It is possible that I am a terrible person but I’m just gonna have a go at Kashmir. Like a bitchy one. I mean, it is picture perfect with a mystical lake, snow capped mountains, fairy tale castles, ancient mosques, fields of saffron, cardamom tea, romantic houseboats, all that stuff, blah blah beautiful.

But I’m gonna bitch about it anyway.

Because everyone you meet in Kashmir has a sob story.

And sob stories get tiresome.

Kashmir is a controlled state. India owns it. Pakistan wants it. And Kashmir would kinda like to keep it for themselves. It’s a state in limbo. And still at war.

And with war comes disdain.

Bloody Indians, say the Kashmiris.
Bloody Kashmiris, say the Indians.

And I don’t know what the Pakistanis say because they are not really allowed inside. Also, everyone calls them Paks.

As South Africans, we were kind of stuck in the middle.

And yet the Kashmiris were fabulous hosts. And there were several times when we almost tripped over yaks and fell headfirst into the lake because of the beauty. And the gorgeous men. Their beards, stature, strong hands, dark eyes, delicious sexiness and did I mention – strong hands?

They’re astonishing.

But also very bloody manipulative.

As Salam Alaykom, good morning, hello, they would say.

And then, without waiting for an answer…

My son missed out on school. I really need to get him an education.
My daughter had to marry at sixteen. I want very much to help her.
I work three jobs and only sleep two hours a night.
Buy this ring, it’s the only way I can bless my wife.
My own carpets are threadbare…
I had to let go of my goat…

It felt like everything was about money. You almost had to pay for a hello. Or for directions. And if you buy one thing, it isn’t enough. You have to buy two. Three. Four.

Just one more Miss.  Please.  My child…

When you don’t buy anything, ooh Allah Yufaquk Yufaquk, shoulders slump and faces get sulky.

We felt a bit bullied. And bullshitted. And we’re both good travellers and know when to say no or fuck off, but the Kashmiris are master trader bullshitters.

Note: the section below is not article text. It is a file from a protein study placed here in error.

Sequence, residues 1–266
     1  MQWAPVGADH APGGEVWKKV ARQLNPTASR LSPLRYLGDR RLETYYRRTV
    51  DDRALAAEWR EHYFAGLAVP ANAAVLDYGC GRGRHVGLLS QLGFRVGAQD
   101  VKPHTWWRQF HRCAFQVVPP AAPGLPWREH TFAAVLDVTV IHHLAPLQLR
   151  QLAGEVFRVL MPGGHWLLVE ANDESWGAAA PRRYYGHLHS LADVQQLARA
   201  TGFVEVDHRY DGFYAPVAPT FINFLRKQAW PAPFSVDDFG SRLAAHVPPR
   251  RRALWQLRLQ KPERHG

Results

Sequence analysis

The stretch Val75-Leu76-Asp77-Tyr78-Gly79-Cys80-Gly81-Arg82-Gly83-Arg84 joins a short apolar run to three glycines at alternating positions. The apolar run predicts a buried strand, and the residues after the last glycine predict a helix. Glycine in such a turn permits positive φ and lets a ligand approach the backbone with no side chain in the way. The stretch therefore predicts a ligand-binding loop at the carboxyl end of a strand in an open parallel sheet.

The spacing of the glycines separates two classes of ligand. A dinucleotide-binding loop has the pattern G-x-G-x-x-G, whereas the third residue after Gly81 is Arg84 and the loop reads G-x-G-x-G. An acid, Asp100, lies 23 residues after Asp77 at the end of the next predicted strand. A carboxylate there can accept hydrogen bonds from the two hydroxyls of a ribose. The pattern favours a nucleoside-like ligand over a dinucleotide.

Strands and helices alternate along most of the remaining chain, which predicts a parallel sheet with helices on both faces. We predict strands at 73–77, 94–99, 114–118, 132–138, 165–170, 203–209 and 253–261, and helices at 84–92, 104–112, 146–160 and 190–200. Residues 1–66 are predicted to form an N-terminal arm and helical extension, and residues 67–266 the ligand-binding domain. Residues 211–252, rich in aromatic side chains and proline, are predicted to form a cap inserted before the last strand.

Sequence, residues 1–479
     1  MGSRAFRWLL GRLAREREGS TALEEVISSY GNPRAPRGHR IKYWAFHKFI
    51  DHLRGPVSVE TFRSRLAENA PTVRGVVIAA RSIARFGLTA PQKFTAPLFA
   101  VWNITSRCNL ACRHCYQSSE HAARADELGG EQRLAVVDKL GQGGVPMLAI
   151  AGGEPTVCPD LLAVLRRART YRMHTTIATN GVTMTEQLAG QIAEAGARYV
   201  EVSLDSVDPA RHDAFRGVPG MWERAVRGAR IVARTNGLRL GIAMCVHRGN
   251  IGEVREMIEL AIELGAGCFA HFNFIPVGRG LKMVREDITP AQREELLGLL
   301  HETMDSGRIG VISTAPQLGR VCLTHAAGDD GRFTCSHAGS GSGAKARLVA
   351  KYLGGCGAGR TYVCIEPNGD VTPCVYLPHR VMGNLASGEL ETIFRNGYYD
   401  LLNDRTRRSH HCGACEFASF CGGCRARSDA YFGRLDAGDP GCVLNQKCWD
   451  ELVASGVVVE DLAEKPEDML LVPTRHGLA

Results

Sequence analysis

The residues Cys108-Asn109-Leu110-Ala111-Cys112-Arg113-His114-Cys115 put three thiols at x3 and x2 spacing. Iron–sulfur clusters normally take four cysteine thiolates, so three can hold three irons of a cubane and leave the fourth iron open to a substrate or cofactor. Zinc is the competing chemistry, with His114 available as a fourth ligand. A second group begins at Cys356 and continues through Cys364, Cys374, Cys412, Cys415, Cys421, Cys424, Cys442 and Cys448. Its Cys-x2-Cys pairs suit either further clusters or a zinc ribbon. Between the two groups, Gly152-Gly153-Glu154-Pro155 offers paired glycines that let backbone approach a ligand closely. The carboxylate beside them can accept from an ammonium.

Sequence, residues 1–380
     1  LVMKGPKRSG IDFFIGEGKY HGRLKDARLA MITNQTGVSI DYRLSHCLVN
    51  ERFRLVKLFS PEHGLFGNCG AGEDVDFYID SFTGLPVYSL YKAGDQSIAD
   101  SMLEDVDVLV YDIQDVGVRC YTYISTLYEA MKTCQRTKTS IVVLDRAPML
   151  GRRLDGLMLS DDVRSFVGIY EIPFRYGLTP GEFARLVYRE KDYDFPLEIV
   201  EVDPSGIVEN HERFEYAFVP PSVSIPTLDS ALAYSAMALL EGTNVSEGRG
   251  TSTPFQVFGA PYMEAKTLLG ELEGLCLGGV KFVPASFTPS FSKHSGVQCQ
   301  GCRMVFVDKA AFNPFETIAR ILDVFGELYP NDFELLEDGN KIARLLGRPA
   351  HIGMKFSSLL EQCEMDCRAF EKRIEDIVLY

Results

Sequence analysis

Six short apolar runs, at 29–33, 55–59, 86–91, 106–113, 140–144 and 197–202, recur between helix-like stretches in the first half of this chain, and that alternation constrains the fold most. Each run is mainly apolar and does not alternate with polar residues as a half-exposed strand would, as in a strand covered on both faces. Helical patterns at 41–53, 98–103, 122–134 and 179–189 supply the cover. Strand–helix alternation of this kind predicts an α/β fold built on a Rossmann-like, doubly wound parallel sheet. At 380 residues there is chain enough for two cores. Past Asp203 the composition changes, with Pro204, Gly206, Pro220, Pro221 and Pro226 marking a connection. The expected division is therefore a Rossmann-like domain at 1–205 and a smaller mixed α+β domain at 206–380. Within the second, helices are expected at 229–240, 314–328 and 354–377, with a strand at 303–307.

We had been warned. But I gotta say, it kinda spoils the beauty. And the beauty is a little – OH GOD ALLAH SORRY STRIKE ME DOWN NOW – chocolate box beauty. The painted shikaras, the very quaint overly carpeted houseboats. It’s all gorgeous, but kinda, contrived.

Except for the macaroons!!! And the French pastry shop. The flower sellers weren’t bad either. And some of the moustaches were just perfect. There are gems that, when you do manage to wander around alone without being hassled, surprise and astonish. The rose gardens are magnificent, the early morning calls to prayer echo through the whole town and over the lake, and I loved the wild  barking of dogs as they prepare for their nightly roaming.

I did love it. I’m cynical and just a little unfair, I know that. And we were so well cared for. We were brought tea in bed, treated like queens and also offered marijuana and most importantly, husbands.

Many husbands!

Maybe we were too spoiled.

But maybe we were also just a little bit too controlled.

Whatever it was, Kashmir didn’t quite do it for me.

Sorry.

kash

Top ten:-
Dal Lake, old city of Srinagar, Khanqha Shah Hamdam Mosque, Kashmiri tea, Kashmiri moustaches, macaroons, honey, The Himalayas, shikaras and houseboys oops sorry I meant houseboats.

Bottom ten:-
Six security checks on arrival. Seven checks on departure. Phones blocked from arrival until departure. One million heavily armed Indian soldiers dressed in camouflage with branches still hanging from their heads. Baksheesh.

And where, oh where, are all the women? Because we saw very very few.

men